Acculturation and its Discontents: The Jews of Italy from Early Modern to Modern Times

Friday, April 4, 2003–Monday, April 7, 2003
All Day

William Andrews Clark Memorial Library
2520 Cimarron Street

—a conference organized by Massimo Ciavolella; University of California, Los Angeles; David N. Myers, University of California, Los Angeles; Peter H. Reill, University of California, Los Angeles; Geoffrey Symcox, University of California, Los Angeles; and Gilberto Pizzamiglio, Fondazione Giorgio Cini, Venice

The conference brings together distinguished scholars from Europe, Israel, and North America to offer new perspectives on the complex process of Jewish interaction with non-Jewish Italian society, as well as to take stock of recent developments in Italian Jewish historiography. Assessing the status of a minority culture such as the Jews of Italy is complicated by a set of competing factors. On the one hand, the evident willingness of Italian Jews to engage in a wide range of typically non-Jewish cultural pursuits; and on the other, the ambivalence of both Jews and Christians in Italy to the very prospect of Jewish social integration.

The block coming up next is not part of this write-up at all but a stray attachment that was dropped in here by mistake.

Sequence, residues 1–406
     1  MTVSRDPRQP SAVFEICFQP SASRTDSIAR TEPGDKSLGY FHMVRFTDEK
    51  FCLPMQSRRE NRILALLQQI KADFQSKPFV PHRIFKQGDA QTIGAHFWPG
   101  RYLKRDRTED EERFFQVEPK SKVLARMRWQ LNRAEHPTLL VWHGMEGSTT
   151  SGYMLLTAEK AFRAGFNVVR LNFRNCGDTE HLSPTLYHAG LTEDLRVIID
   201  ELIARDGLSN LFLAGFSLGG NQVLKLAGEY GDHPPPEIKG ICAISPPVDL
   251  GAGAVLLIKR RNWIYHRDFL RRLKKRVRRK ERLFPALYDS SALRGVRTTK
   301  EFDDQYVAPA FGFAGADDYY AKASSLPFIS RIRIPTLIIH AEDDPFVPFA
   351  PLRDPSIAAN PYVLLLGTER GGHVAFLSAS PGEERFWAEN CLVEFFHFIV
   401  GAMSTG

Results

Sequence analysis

In an attempt to understand the tension between these two impulses, the conference covers the rich period of Italian Jewish history extending from the sixteenth to the nineteenth centuries. Topics to be discussed include the function of the ghetto in the Italian (Jewish) mind, the role of Jews in Italy’s economic life, the complex relationship between Italian Judaism and Christianity (as well as between Jewish and Christian intellectuals), and the breakdown and subsequent re-establishment of the ghetto in the nineteenth century. While these topics have been studied before, at times in great detail, the conference provides a fresh and new assessment of the field of research.